However, recent statements by Church authorities have indicated that the Church may waive their right to employ the Ellis Defence in some cases.

During his previous evidence to the Royal Commission, Cardinal Pell has stated that in his view, “the Church in Australia should be able to be sued in cases of this kind.” Similarly, Archbishop Hart, in his evidence to the Royal Commission, has stated that the Catholic Church should provide victims of child sexual abuse with an entity to sue.

This sentiment has been reflected in the ‘Guidelines for Church Authorities in Responding to Civil Claims for Child Sexual Abuse’, released by the Truth Justice and Healing Council on 23 November 2015 and operational as of 1 January 2016. The Guidelines are designed to ‘promote justice and consistency’ in the way that the Church handles child sexual abuse claims and conducts litigation.

Under the Guidelines, the Catholic Church has committed to ‘assisting the claimant to identify the correct defendant to respond to the legal proceedings.’ Among other things, the Church will also grant access to records relating to the survivors, paying legitimate claims without the need for litigation, and participating fully and effectively in alternative dispute resolution processes wherever possible.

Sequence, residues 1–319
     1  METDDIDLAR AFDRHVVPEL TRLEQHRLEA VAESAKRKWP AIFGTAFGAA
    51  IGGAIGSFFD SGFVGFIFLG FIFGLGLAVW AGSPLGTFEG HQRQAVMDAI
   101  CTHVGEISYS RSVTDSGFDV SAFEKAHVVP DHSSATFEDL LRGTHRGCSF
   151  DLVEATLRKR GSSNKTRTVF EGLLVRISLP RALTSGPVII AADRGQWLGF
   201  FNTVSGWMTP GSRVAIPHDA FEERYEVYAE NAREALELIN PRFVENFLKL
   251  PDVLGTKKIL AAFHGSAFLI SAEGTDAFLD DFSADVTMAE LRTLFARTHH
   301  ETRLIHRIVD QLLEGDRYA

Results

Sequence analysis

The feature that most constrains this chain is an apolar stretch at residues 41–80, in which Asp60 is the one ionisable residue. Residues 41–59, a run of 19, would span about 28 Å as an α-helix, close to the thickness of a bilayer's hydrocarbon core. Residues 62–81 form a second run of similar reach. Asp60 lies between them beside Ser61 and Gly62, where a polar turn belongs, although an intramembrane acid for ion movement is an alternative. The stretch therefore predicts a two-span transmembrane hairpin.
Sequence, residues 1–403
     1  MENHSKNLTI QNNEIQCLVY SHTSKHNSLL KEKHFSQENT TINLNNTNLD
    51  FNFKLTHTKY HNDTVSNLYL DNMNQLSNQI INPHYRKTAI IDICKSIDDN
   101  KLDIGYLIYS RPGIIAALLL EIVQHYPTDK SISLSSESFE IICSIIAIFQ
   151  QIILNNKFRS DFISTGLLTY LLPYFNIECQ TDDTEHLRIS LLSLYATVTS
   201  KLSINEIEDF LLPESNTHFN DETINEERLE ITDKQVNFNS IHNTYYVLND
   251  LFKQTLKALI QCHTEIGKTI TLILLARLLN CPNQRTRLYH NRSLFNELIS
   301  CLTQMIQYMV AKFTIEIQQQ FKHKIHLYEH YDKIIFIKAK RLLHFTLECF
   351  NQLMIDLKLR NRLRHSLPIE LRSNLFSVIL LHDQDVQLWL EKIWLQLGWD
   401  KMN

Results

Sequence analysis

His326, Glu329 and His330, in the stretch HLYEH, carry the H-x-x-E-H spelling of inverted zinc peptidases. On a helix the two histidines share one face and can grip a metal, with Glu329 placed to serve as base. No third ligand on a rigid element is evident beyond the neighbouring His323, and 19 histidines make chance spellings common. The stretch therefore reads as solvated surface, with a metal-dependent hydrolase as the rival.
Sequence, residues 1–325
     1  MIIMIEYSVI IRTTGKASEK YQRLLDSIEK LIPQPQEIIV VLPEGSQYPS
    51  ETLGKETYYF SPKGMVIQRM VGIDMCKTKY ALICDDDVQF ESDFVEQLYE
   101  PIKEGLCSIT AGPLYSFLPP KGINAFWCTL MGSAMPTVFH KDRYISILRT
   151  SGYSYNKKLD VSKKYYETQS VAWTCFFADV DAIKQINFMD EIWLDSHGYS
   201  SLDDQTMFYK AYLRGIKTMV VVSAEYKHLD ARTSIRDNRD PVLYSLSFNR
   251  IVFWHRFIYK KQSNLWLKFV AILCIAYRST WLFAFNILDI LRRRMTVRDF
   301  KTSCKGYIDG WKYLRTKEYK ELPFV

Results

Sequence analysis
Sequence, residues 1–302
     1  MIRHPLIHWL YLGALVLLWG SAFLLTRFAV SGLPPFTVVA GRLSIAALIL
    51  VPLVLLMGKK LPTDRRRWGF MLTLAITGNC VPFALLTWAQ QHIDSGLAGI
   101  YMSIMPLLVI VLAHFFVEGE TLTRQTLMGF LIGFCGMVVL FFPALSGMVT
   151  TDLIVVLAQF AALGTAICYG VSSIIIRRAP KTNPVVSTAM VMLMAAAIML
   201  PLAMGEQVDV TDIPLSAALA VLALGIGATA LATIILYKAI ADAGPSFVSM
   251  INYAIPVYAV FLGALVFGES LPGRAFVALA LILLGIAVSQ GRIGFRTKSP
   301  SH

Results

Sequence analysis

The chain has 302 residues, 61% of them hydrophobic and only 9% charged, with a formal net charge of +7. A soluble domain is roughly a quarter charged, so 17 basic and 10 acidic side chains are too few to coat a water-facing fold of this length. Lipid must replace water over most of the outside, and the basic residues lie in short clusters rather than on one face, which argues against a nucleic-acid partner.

Although Catholic Church’s approach to the Ellis Defence remains unclear, the introduction of the Guidelines, and in particular the Church’s commitment to identifying the proper defendant for survivors who wish to pursue civil proceedings against the Church, is a positive step forward in assisting survivors to achieve justice.

We are hopeful that the introduction of these Guidelines will make it easier for survivors to pursue claims against the Catholic Church in the future. 

However, it remains to be seen whether the Catholic Church will walk the walk as well as talk the talk when proceedings are issued in court.